The delicate balance between investing and cost-saving at a venture-backed startup or SME is
challenging. Particularly at pre-revenue, the CEO and leadership team must steward the capital
responsibly and make tough decisions about where to invest – decisions that affect the
company’s survival and success.
In most medical device development projects, there are large amounts of design data involved – and an exponential number of relationships between that design data. There are requirements, risks, and tests to manage for every device and component – and they all have meaningful connections/relationships. When changes are made, only solid and comprehensive data management can ensure that the change is made everywhere it is needed and only structured data can quickly identify if an effect of that change is in question or should be manually investigated. All of this is trackable and reportable, so in other words, structured data helps you “show your work.”
Many companies are still relying on spreadsheets or “smart” spreadsheets to manage their risk, requirements, and tests – the data for each program managed in a separate application. When the data are connected, it is done so manually, so any time that a change is made, it is nearly impossible to ensure that the change has been made everywhere that it is needed. The cause and effect relationships of thousands of data connections cannot be accurately tracked without intelligent data management and automation.
So, why is it important for startups and SMEs developing medical devices to invest in structured data (at the expense of another budget items)? Because the risk and cost of not doing so is too great. Without structured data, device companies cannot prove that they’ve done what they said they’ve done – and they cannot provide an audit trail to regulatory bodies that is inclusive of all data relationships.
The best 3 reasons for medical device startups and SMEs to invest in structured data are:
Whether you’re updating your current investors at a board meeting or responding to a new investor’s due diligence requests, well-structured data gives an investor confidence.
With structured data, when an investor asks a question you can quickly answer it and easily show how you got there through the visualization of a trace matrix. When strategic product questions arise, with structured data you can engage the Board – again likely with a trace matrix – to show the cause and effect of different actions across all design data (risks, requirements, and test). You will always have a way to show them.
Your partners, and potential suitors, want to see a well-documented process before they get behind your product. They don’t have the luxury of knowing the product’s history and they cannot just take your word for it. They need to know that every i is dotted and every t is crossed in your development. When your data is structured and managed intelligently – you can create confidence by showing them your work and you can use structured data to support partners in many other ways.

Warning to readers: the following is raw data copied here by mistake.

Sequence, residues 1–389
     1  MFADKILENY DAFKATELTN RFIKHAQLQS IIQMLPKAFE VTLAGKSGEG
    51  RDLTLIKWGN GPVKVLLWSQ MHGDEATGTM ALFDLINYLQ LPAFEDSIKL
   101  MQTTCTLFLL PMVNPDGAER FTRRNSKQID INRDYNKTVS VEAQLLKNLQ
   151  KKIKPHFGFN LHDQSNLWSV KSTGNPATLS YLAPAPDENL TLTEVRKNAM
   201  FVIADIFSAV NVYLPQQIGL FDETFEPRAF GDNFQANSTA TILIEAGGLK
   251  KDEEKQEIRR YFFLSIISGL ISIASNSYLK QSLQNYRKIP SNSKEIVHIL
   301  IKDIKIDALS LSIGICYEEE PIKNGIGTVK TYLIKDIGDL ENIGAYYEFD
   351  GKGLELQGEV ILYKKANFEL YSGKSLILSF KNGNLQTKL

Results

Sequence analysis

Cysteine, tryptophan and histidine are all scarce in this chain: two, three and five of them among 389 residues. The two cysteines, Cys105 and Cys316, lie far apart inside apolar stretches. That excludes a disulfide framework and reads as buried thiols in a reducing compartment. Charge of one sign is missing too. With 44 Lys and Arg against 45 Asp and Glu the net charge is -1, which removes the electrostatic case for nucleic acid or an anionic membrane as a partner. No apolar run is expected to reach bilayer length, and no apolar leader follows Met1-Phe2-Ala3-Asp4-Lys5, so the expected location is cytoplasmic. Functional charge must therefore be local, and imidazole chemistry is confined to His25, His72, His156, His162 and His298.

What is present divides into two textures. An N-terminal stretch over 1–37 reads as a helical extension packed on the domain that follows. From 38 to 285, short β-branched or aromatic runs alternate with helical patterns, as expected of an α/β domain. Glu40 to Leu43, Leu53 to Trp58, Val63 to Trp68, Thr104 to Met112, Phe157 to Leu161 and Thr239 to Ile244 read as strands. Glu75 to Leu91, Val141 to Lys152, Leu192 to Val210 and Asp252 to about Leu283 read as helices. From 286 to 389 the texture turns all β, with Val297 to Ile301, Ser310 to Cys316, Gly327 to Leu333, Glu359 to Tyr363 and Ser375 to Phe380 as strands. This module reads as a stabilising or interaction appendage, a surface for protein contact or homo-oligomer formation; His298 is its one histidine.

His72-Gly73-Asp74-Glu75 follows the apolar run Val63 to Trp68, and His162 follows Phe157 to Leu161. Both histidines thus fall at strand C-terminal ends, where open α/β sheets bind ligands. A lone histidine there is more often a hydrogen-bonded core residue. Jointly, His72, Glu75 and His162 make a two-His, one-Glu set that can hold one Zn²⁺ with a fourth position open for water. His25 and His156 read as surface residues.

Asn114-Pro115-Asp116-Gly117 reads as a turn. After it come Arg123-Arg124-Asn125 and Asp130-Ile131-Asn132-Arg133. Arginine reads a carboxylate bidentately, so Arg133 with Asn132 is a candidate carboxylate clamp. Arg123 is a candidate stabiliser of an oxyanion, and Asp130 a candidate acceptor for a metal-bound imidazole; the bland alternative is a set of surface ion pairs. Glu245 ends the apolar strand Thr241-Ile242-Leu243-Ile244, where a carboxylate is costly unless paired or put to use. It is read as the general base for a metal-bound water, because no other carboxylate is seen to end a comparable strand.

Let’s take for one example that a partner would like to use your component as part of their system. What if you could send them a file – a library – of your component’s design data and relationships between requirements, risk, and test. With structured data you can fulfill this request within hours, with unstructured data this task could take months. Months are not good!
By nature of their public health missions, regulatory bodies need to be shown a well-documented process in order to move your product through the approval process. They need to review your submissions with a fine-tooth comb leaving no stone unturned. Structured data makes their job easier because data can easily be delivered in any format that the regulator requires, questions can be answered quickly, complete with an audit trail showing how you got to the answer. It communicates that you take compliance seriously and that you are transparent. It can also mean the difference between getting it right the first time or having to resubmit.
Consider another regulatory example, the dreaded FDA Form 483, a post-inspection list of corrective actions a company must undertake as well as potential violations of FDA requirements. The majority of citations are for “lack of proper procedures” or “lack of proper documentation”. With structured data that’s all built in, so it is less likely you’ll receive a Form 483, but if you do, you will be prepared and be able to resolve it quickly.
A strong foundation for your device development and your business
The common thread in the above examples is: get it right and get it right the first time. All device development projects should start with a solid strategy for managing and structuring data upon which to build a tremendously effective, and cost-effective, development program. Don’t wait until you receive your first 483, or until you lose a partner contract or an investor. Start with structured data.